‘Stuffocation’ means exactly what you think it means – it is the idea that we are suffocating ourselves with ‘stuff’. We have become so tied up in a culture of materialism that we are overwhelmed with things. We are drawn into a cycle where we work hard so that we can afford to buy things, to keep up with the Joneses, to acquire more and more, bigger and better. But having everything we thought we wanted isn’t making us happier.
In his book Stuffocation, James Wallman traces the history of our consumer culture and proposes a new way of living which he calls “experientialism”, through which we reject meaningless stuff in favour of experiences. Wallman suggests, and I agree, that experiences, rather than things, will lead us to happier, more meaningful lives.
I came across Wallman’s book via my friend Hayley’s guide to buying presents on her blog Mission: Mindfulness. Ever the minimalist and strong campaigner against stuff (really, I can’t handle stuff), I’m surprised I hadn’t come across this book before. I recommend Stuffocation to anyone who feels overwhelmed with stuff, who rejects the culture of materialism or who wants to find ways to live a more meaningful life.
These are some of my key takeaways from the book (I know “takeaway” is the buzz word, but it always makes me think of Chinese take away containers. Anyone else?).
Now, I didn’t need the book to tell me this, but it was nice to read some evidence and case analyses to back this up.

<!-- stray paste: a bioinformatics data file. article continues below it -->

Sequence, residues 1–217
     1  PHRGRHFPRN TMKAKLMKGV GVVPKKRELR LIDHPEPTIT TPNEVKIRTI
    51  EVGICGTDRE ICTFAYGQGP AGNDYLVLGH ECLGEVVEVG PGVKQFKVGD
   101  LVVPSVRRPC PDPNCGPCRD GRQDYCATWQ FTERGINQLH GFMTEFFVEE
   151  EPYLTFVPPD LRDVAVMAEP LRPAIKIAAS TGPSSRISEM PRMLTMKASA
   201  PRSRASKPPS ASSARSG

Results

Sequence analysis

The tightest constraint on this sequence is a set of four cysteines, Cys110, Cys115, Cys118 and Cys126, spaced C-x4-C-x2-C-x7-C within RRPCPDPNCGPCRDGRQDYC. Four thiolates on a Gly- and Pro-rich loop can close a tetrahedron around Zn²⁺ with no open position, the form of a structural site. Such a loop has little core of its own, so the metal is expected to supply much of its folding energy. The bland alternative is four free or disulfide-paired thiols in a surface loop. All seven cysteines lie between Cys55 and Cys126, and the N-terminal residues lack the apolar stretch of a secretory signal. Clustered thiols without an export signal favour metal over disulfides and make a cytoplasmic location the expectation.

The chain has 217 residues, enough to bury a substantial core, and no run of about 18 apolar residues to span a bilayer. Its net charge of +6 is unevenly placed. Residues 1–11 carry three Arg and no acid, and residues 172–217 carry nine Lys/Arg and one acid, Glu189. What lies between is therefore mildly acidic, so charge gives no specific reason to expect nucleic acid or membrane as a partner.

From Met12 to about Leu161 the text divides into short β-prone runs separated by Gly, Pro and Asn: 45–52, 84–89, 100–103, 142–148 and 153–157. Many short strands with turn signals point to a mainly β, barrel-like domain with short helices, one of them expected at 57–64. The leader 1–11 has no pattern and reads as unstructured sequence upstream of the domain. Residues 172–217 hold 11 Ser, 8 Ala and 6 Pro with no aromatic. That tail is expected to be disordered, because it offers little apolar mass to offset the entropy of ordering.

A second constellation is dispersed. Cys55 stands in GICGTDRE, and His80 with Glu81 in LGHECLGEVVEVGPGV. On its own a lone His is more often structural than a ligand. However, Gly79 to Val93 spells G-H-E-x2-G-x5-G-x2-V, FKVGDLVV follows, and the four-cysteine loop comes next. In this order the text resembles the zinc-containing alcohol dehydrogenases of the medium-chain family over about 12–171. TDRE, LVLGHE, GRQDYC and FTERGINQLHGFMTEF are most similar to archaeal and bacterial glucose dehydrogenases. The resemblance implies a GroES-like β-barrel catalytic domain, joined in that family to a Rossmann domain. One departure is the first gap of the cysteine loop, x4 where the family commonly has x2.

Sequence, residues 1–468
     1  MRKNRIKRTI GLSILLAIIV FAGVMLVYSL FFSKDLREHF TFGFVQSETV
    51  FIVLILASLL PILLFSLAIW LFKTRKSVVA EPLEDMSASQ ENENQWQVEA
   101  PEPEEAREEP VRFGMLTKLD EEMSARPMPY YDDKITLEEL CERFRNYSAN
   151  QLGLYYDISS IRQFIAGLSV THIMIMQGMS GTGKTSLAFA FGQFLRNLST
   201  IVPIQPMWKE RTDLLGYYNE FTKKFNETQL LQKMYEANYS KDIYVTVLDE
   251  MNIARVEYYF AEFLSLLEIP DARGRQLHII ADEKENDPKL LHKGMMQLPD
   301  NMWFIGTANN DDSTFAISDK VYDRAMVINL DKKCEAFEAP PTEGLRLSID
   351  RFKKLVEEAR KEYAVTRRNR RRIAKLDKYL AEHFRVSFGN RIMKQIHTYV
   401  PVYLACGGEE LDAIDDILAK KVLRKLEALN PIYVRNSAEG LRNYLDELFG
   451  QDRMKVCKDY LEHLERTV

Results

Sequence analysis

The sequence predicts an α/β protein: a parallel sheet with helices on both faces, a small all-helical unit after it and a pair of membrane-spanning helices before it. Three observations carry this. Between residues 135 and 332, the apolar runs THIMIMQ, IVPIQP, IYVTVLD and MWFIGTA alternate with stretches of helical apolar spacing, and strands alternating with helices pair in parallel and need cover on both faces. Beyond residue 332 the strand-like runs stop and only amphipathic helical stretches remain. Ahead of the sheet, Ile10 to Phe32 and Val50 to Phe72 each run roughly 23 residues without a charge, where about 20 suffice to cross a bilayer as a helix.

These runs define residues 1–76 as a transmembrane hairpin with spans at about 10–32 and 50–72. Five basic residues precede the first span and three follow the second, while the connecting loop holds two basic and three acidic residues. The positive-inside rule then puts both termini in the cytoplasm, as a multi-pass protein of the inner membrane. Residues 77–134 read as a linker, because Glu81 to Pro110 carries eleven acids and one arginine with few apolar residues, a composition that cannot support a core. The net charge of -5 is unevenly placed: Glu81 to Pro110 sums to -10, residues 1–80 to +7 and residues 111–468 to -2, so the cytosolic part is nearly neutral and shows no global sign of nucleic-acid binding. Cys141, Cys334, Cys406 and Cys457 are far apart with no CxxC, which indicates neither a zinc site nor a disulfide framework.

Not only is stuff making us unhappy, it is ruining the eco system. Did you know that for every one bag of rubbish you throw out, SEVENTY bags of rubbish were created to make the rubbish that filled that bag. Me neither, but it’s scary. Watch this short video to find out more about the way we make, use and throw away all the Stuff in our lives. It’s eye opening to say the least.
Like the Lenets, who gave up their jobs, rented out their house and gave away all their stuff to travel the world as a family, the rewards for success in the consumerist system – i.e. stuff – aren’t enough for me either. Life is about family bonds and personal growth, not about status measured by the size of your house or the make of your car.
I do reject the consumer culture. We’ve never celebrated Valentines Day. We didn’t buy each other or our daughter presents for Christmas. We won’t buy a new car/phone/television/gadget just because there is a new make/model/colour. But we are still very much part of ‘normal’ society. We haven’t packed our lives up to move to the country for the ‘simple life’, nor can we store all our possessions in one back pack. We buy things that will serve a purpose or which bring us joy (oh, how very KonMari of us!).